I had planned for my next car to be an all-electric model. But, after years of driving a gasoline-powered ride my move to an EV, like everything else in these troubled times, is looking a little less certain. A combination of rising gasoline and electricity prices means I don’t feel as though I can choose one side or the other.
In short, a compromise needs to be reached. I already ruled out a regular hybrid, which has no plug-in capabilities and means you don't get any of the same benefits as an electric vehicle. But after driving the Lexus NX 450h+ plug-in hybrid for a week, I’m starting to see the appeal of a plug-in hybrid (PHEV) — and the ability to switch between electric power and internal combustion in a single set of wheels.
The luxury SUV can do over 40 miles on battery power alone. That makes it perfect for short drives around town, while the smaller battery means charging is quick and easy.
Longer runs can be achieved in comfort, and without stress, thanks to the super smooth 2.5-litre gasoline engine. The way I see it, this is the best of both worlds. And, by using the car strategically and initiating those short charging sessions at cheaper times of the day, I may even be able to save some money on running costs.
So if the price of gasoline is getting too much for you, and you’ve considered going fully electric, be sure not to discount a PHEV simply because it sits in the middle ground.
There’s loads of choice if you want a PHEV
The Lexus NX 450h+ plug-in hybrid is a mid-sized SUV, so it’s well suited to family use. There’s space, comfort and lots of tech. However, if you’re looking for a plug-in hybrid there are options in every model class. In fact, compared to battery electric cars, there are significantly more hybrid options available
The BMW 330e is great, for example, if you love the endless appeal of the 3-series but want to enjoy the benefits of PHEV motoring. For those interested in beefier Germanic motoring, the BMW X5 xDrive45e delivers a similar experience to that of the Lexus.
But it’s possible to pick a PHEV to suit any kind of need. Audi’s A7 55 TSFI e Quattro Plug-In Hybrid is a solid choice sedan offering space and luxury, while Toyota’s RAV4 is a fun and funky option too. Hyundai’s Sante Fe plug-in hybrid or Kia’s Niro Plug-in hybrid both tick the right boxes for people after value for money.
Even the likes of Jeep, whose first EV isn’t due until sometime in 2023, has PHEV options at your disposal with the likes of Wrangler or Cherokee. Even Bentley, one of the kings of premium motoring, offers a Bentayga Hybrid if your wallet can handle it.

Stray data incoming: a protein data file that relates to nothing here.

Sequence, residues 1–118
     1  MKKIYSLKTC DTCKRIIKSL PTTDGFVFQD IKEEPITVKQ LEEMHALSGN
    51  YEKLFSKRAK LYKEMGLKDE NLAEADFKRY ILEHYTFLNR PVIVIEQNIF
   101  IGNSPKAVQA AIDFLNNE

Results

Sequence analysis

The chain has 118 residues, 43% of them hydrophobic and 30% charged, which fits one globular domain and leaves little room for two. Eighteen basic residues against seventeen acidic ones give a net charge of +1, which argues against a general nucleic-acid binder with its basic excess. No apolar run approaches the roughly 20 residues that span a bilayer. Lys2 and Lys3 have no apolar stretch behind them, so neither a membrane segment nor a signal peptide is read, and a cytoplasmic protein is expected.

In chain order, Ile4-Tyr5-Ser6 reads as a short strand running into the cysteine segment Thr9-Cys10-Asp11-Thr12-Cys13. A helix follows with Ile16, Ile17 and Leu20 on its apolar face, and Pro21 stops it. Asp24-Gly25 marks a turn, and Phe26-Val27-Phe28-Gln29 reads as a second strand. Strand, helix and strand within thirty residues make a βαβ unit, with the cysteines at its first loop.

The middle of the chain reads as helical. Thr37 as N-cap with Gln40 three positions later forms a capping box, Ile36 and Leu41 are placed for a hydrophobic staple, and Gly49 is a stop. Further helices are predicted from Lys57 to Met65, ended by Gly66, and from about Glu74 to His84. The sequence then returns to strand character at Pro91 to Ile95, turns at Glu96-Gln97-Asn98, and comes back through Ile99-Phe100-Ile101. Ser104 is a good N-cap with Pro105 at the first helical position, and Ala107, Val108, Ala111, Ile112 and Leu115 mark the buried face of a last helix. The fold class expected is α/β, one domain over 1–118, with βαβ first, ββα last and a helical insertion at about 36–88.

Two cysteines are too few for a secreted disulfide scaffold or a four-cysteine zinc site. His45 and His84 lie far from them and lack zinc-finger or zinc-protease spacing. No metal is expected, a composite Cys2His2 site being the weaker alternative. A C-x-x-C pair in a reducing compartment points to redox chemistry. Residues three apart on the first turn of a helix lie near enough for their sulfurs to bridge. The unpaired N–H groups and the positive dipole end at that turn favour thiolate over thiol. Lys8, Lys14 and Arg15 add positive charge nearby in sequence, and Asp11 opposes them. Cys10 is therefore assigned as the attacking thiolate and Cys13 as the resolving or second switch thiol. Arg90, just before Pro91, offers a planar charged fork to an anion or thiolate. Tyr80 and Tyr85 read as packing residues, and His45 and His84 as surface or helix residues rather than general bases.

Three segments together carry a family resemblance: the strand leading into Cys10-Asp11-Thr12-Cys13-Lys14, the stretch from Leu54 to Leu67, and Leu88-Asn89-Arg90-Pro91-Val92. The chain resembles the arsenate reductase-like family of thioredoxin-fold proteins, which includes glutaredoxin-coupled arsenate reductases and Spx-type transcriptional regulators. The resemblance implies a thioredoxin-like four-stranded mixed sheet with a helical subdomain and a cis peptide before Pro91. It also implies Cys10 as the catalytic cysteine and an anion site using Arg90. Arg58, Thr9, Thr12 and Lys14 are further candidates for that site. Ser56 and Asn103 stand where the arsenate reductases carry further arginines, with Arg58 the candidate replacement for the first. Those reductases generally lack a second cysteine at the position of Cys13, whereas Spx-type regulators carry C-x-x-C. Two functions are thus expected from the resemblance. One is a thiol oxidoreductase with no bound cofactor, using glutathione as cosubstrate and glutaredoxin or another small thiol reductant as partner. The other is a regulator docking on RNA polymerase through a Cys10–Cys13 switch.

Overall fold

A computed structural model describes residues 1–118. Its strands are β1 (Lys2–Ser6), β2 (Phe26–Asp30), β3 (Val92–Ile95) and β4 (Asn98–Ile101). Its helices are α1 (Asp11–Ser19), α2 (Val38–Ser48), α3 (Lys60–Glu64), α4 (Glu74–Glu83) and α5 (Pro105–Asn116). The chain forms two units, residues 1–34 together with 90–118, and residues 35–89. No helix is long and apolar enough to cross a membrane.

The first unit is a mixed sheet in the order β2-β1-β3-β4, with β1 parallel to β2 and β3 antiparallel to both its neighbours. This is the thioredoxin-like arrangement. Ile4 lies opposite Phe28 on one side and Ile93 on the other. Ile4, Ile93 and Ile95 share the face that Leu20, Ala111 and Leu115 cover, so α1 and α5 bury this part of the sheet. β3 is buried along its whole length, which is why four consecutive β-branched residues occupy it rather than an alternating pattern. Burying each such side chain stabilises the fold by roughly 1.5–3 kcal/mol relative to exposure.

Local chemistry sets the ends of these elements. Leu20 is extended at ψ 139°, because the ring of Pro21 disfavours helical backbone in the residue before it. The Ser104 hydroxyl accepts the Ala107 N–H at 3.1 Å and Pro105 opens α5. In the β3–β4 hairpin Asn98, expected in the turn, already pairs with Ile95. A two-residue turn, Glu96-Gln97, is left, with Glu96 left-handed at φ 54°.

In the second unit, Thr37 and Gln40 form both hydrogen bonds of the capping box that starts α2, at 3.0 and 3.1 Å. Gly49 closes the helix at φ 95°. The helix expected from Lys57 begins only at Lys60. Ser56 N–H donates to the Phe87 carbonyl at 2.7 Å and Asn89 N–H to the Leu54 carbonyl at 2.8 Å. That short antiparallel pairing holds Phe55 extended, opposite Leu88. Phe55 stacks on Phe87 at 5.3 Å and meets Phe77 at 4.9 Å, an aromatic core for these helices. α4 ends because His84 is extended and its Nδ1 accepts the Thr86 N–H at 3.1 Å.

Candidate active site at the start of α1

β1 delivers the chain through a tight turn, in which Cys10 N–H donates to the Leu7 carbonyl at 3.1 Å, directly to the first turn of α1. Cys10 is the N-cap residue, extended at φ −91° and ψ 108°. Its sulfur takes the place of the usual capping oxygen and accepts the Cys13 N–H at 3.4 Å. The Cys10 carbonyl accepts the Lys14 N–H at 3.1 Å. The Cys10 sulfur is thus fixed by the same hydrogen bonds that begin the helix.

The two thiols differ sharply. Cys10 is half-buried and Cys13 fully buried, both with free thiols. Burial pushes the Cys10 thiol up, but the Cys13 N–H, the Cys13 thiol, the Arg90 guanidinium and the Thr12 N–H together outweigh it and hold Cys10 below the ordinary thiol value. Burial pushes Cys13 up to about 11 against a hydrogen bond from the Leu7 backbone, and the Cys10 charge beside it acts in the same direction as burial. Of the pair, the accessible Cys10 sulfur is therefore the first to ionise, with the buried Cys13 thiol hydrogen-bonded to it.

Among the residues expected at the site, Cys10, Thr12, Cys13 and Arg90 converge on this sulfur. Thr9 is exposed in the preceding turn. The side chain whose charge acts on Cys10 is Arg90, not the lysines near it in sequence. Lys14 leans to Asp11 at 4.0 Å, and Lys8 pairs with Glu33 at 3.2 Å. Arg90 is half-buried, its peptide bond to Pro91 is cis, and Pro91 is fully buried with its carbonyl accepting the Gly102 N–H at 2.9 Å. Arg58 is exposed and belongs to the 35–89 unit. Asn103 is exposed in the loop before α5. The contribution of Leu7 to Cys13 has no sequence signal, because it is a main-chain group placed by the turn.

Charging is easier, and performance is top notch
The great thing about a plug-in hybrid is just that, you can plug it in at home and charge the battery overnight. That might mean cheaper charging, depending on your electricity provider, and is certainly more convenient than having to plug in a much larger EV battery. Particularly if installing a home charger isn’t an option for you.
That said, Lexus recommends having a home wall box installed. With access to the dedicated EV charging port, fully charging the NX 450h+ takes a very reasonable 2 hours and 45 minutes.
Lexus also claims you can squeeze around about 42 miles out of the battery in a worst case scenario, and up to 55 miles in urban situations. Daily trips into town, or running errands mean all-electric usage makes perfect sense. I also found the car to be enthusiastic in the performance department when driving on electric power alone. The Lexus will reach in excess of 80 mph if the need arises, and all without having to burn a drop of gasoline.
In fact, the Lexus proved to be sprightlier than I’d been expecting. The 18.1kWh lithium-ion battery is quite beefy, while the plug-in setup means you still get 302bhp. This is most noticeable when you put your foot down, with Lexus figures stating that 0-62 mph arrives in just over six seconds. Not bad for a heavyweight SUV.
There’s more potential for squeezing the best and most efficient level of motoring from the Lexus too. The guy who dropped the car off pointed out the ability to switch the EV mode, letting you decide if you want to drive on battery power alone, or use the engine to help restore battery power on longer trips.